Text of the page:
Are You Sure You Really Own That Mortgage?

March 9, 2017 at 9:58 am Leave a comment

To foreclose on property in New York State, a lender must prove that it took physical possession of the mortgage note prior to the foreclosure, or that a valid assignment of the note to the foreclosing party has been made. This is easier said than done. Today’s blog includes citations to relevant case law in this area because for those of you who deal with mortgages, servicing and assignments, this is an area worthy of close scrutiny. So grab another cup of coffee to stay awake, and let’s get started.

First, let’s remember some basics. In order to foreclose on property, the lender or its assignee must possess both the mortgage and the note. The general rule is that once a promissory note is properly assigned, the mortgage transfers with it. Bank of N.Y. v. Silverberg, 86 A.D.3d 274, 280, 926 N.Y.S.2d 532 (2011).

Which brings me to the inspiration for today’s blog, the case of US Bank Trust, NA v. Morales, 54 Misc. 3d 1217(A) (N.Y. Sup. Ct. 2017), which was published in yesterday’s New York Law Journal. In 2006, the homeowners purchased a house in Monroe, NY for $403,000. They took out a 30 year mortgage, which was recorded in Orange County. The original lender, Home Funds Direct, named MERS as its nominee. MERS subsequently assigned the note to US Bank Trust. This assignment was also recorded in Orange County, NY. The homeowners defaulted in June of 2013; a foreclosure was commenced in April of 2016. The homeowners argued that the bank did not have the right to foreclose on the property, because it had not sufficiently demonstrated that it was the holder of both the note and the mortgage. It is widely understood that such standing can be established with either a written assignment of the note or the physical delivery of the note to the foreclosing party prior to the commencement of a foreclosure action, but New York courts continue to grapple with what documentation establishes that such a transfer has been executed.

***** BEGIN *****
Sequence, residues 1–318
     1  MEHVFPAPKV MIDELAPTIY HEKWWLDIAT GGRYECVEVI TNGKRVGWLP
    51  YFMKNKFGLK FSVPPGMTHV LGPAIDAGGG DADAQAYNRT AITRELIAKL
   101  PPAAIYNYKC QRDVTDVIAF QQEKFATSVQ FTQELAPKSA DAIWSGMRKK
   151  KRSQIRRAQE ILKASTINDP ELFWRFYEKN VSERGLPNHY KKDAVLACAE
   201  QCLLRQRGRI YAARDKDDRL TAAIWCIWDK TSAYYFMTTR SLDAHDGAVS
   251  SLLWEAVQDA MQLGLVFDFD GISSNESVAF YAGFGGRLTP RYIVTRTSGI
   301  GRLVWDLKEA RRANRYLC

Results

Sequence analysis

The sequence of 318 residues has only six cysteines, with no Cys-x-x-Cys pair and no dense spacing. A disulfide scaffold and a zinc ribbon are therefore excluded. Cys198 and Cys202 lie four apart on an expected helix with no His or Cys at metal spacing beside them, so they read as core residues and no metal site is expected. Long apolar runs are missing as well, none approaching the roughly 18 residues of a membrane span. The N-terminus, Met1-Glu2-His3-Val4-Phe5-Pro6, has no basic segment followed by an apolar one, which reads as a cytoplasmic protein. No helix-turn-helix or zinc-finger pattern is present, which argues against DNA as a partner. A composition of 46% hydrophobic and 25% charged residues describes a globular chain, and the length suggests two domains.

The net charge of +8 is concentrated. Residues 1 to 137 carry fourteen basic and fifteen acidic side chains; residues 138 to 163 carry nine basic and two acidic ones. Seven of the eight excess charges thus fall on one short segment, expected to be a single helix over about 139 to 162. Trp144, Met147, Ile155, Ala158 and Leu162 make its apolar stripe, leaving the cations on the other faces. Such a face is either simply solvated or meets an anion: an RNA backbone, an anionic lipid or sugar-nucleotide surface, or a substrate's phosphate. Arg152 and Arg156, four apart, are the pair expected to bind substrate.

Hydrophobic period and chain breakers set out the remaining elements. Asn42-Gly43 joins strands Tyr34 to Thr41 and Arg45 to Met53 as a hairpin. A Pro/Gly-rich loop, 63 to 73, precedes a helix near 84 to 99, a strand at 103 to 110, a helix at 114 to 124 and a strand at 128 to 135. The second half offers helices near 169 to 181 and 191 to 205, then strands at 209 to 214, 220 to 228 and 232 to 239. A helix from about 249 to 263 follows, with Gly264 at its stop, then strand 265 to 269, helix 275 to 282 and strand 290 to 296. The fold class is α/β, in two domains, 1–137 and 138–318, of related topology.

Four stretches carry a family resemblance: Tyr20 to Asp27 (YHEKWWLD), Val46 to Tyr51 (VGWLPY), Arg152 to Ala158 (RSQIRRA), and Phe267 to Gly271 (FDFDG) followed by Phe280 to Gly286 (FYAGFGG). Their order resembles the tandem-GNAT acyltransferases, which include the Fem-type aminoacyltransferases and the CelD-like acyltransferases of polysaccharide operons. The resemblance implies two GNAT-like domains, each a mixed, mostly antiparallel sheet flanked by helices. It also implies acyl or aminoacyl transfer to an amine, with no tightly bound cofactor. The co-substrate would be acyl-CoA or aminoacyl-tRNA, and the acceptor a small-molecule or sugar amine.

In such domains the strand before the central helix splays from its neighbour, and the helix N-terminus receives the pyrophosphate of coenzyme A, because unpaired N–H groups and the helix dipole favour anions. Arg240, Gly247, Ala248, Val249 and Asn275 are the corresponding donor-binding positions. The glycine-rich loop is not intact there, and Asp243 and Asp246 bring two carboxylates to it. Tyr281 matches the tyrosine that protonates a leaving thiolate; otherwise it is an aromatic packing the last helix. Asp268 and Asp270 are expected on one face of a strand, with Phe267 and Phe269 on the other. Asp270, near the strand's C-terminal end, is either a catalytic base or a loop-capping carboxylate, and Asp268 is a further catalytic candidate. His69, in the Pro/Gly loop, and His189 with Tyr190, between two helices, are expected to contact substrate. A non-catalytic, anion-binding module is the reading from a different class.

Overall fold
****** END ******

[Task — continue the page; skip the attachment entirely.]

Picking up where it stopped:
In this case, US Bank Trust attached an affidavit of an employee of Caliber Home Loans; the affidavit explained that Caliber was servicing the loan on behalf of US Trust and was also acting as its attorney in fact. The servicer employee complied with NYS Regulations by personally reviewing the original note and the assignment of the mortgage. The plot thickens however, because he also explained that Wells Fargo was holding the original note as custodian. This fact was fatal to the bank’s foreclosure action. Even though the servicing agent explained that the original note could be obtained from Wells Fargo, it did not have physical possession of the note prior to commencing the foreclosure. Because Wells Fargo, not Caliber, was in physical possession of the note, the evidence failed to establish that the foreclosing party had standing to bring the foreclosure.

But wait. The plaintiffs argued that note was assigned to them from MERS to US Bank. The court’s response demonstrates just how fact-sensitive these inquiries have become. The note in this case identified Home Funds Direct as the lender and the note holder. According to the court, there was no endorsement to MERS on the note—which would give MERS the authority to assign—nor any information on the allonge indicating that MERS received an assignment of the note. This meant that MERS’ assignment of the note to US Bank Trust was invalid.

As if this isn’t complicated enough, the case law I have referenced in this blog relates specifically to New York’s Second Department. The key point is that the case law in this area remains fluid and highly fact-sensitive. As it stands right now, the better you document mortgage transfers and servicing rights, the better off you will be. This is one area where detailed procedures and an eye on case law is absolutely crucial.

 

Entry filed under: Legal Watch, New York State. Tags: , .

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Authored By:

Henry Meier, Esq., General Counsel, New York Credit Union Association.

The views Henry expresses are Henry’s alone and do not necessarily reflect the views of the Association.

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